2015 Adelaide Cup Bid Starts for Refectory

Tonight under the lights at Melbourne’s Moonee Valley Racecourse the Adelaide Cup 2015 bid of the Richard Laming-trained import Refectory begins in earnest.

Refectory (inside)

Refectory (inside) runs at Moonee Valley tonight as the import heads towards next month’s 2015 Adelaide Cup. Photo: Adrienne Bicknell.

The five-year-old Danehill Dancer gelding is one of 10 hopefuls lining up in the last at the twilight meeting, the $35,000 Strathmore Flowers Handicap (2500m) jumping as Race 8 at 10:15pm (AEDT) at the Valley.

He was also accepted for the first at Morphettville on Saturday but has seen officially been scratched from the $40,000 William Hill Handicap (2600m) where Dean Yendall was on standby for the ride.

Drawn in barrier five with Ben Melham to ride, he is rated a $7 chance in the Ladbrokes.com.au markets for Moonee Valley tonight that are led by the in-form Darren Weir-trained Zabeel gelding Zanteco ($2.70) shooting for his third win on the trot but his first at the course.

Refectory, originally prepared by Andrew Balding in the UK, meanwhile shoots for his first win since a Class 3 set weights success over 2140m at Doomben back in June last year during the Brisbane Winter Racing Carnival.

He has had three runs this summer, the most recent of which saw him finish third behind Gilago in a Benchmark 70 over 2200m at Ballarat on January 28.

Tonight he’s stretched out over 2500m for the first time, but he does have winning form up to 2400m when an ultra-impressive nine length winner over the mile and a half at Haydock park in Britain in September of 2013.

He’s also had just the one run at Moonee Valley when two back on January 3 he ran fifth, beaten under two lengths, to Beliveau in a Benchmark 78 over 2040m.

“He ran super first up over a mile and his race at the Valley was also good,” Laming told Racing Victoria on Thursday.

“The way he was ridden in his last start just didn’t suit him at all and that’s why we got the result we did.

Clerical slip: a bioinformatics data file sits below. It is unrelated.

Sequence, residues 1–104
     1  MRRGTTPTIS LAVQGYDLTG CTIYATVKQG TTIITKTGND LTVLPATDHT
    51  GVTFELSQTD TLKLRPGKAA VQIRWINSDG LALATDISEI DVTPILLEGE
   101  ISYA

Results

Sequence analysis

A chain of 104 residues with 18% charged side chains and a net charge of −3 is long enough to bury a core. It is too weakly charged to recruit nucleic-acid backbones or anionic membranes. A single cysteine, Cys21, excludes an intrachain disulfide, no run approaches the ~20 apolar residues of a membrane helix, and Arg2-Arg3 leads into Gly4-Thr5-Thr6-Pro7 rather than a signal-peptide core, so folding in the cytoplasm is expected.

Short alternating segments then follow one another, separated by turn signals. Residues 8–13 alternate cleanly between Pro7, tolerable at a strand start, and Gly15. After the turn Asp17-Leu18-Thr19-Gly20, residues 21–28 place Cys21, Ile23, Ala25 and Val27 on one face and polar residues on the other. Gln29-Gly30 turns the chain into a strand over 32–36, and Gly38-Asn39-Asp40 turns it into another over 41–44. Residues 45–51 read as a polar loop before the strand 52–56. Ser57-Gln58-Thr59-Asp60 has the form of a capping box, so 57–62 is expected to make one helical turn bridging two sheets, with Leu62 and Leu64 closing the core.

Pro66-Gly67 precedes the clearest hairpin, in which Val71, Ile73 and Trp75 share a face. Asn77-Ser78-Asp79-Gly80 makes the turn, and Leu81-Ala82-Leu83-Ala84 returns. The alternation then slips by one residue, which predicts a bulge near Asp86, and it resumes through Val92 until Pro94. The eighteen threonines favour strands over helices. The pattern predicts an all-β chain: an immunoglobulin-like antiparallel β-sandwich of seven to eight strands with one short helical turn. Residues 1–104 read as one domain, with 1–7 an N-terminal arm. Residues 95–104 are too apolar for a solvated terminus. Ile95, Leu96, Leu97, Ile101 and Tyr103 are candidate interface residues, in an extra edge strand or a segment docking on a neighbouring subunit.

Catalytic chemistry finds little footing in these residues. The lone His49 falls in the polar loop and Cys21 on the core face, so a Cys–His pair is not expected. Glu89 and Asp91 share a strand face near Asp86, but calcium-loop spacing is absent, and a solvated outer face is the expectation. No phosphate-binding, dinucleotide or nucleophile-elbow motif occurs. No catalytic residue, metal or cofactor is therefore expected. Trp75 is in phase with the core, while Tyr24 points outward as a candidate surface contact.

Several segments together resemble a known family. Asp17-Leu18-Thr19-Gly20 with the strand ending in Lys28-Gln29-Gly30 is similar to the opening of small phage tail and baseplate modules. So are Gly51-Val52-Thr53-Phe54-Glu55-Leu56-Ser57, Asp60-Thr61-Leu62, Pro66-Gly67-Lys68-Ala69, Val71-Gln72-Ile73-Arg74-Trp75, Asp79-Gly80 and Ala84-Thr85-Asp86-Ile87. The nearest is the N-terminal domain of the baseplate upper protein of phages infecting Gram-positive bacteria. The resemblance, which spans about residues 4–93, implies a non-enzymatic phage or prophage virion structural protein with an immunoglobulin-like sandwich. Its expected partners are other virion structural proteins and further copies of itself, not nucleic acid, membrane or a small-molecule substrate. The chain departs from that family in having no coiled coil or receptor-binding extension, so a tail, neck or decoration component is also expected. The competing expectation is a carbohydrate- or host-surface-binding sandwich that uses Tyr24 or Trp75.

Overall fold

“He’s a horse that needs to get out at the 700-800 metre mark and build up momentum and get going. He’s not a sit and sprint horse, and that’s how he was ridden last start. He just can’t be ridden like that.”

Laming has an ambitious autumn on the cards for the progressive galloper, naming the $400,000 Group 2 Adelaide Cup (3200m) up over the two miles at Morphettville Racecourse on March 9 as the big goal.

“He’ll go well tomorrow night (Friday night) and I’m confident he’ll be in the first four,” Laming said.

“The aim then is to race him again in a fortnight, most likely in Adelaide at this stage, before we look at the Cup.

“He has to perform in his next two runs for us to go there, but I think he’s a horse that will definitely appreciate racing at two miles.

“He’s a genuine staying contender and once he gets to the 3000 metre plus mark, he’ll come into his own. He’s a natural stayer.

“Once you get over 3000 metres, it weasels a lot of horses out, but he’s a genuine two mile horse and it won’t be an issue for him.”

While his Australian form hasn’t been super exciting yet, his Cranbourne-based trainer believes he has a feature race win in him.

Laming, who took over training of Refectory early last year, is yet to step the horse up to black type level but plans to do so this season leading into the Adelaide Cup in South Australia.

He purchased the horse along with fellow UK galloper Glacial Age two years ago, swayed by the strong form of those imports down under in the staying features of the major carnivals.

“For me it was a no brainer, European imports are winning everything,” Laming said.

“The way they are bred over there combined with the way we train them here makes for great stayers.

“Once they acclimatise, they really hit their straps.

“They have great lung capacity and good miles in their legs, and the way we train them in Australia gives them the sprint.”

Laming said that acclimatisation was just really starting to happen for Refectory now who is still learning a lot each start, especially since being gelded at the start of year.

“We left him as a colt for his first five runs and he went ok,” he said.

“Without getting carried away, since he’s been a gelding he’s been a different horse.

“He’s still immature, has a lot to learn and is a big baby. But he continues to improve and I’m impressed with what he’s shown us so far.”

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